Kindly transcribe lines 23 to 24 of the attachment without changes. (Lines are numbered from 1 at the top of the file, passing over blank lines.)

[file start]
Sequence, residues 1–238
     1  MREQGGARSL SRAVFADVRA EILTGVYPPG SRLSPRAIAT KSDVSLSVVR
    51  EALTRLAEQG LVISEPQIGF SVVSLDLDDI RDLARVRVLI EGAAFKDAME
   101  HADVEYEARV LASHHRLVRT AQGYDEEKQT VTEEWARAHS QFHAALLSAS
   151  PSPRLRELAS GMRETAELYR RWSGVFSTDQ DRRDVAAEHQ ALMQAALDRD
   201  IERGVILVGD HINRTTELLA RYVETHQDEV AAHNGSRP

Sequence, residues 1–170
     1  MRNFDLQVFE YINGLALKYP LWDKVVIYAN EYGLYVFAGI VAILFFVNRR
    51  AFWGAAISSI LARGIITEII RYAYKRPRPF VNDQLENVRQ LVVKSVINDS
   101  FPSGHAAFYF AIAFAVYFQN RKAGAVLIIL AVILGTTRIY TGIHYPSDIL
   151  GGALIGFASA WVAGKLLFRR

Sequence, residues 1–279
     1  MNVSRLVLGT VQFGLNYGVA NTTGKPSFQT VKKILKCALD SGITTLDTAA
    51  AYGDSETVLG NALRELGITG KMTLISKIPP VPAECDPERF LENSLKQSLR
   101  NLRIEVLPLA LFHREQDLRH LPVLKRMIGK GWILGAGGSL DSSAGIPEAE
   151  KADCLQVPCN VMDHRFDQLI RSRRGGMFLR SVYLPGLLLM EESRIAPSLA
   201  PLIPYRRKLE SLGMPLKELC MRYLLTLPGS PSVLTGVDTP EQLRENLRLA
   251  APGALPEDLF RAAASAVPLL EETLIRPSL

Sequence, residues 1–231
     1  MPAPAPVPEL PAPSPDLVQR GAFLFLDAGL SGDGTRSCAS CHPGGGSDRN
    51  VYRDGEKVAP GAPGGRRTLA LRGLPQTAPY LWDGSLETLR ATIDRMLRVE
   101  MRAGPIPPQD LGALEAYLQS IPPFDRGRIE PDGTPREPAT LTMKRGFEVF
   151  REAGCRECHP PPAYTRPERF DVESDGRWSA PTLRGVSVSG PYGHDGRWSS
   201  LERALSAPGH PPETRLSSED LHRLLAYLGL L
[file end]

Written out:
   151  REAGCRECHP PPAYTRPERF DVESDGRWSA PTLRGVSVSG PYGHDGRWSS
   201  LERALSAPGH PPETRLSSED LHRLLAYLGL L